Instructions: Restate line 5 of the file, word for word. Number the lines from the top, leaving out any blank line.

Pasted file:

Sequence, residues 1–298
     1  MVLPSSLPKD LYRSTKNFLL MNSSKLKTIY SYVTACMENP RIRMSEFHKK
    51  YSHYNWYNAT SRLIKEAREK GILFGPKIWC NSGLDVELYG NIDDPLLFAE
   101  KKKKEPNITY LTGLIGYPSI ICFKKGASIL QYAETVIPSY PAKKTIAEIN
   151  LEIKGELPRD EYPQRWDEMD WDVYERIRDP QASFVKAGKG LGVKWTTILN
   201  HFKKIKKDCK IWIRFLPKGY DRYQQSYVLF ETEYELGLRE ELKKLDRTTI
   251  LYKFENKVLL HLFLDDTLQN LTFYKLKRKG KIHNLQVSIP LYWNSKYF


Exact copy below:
   151  LEIKGELPRD EYPQRWDEMD WDVYERIRDP QASFVKAGKG LGVKWTTILN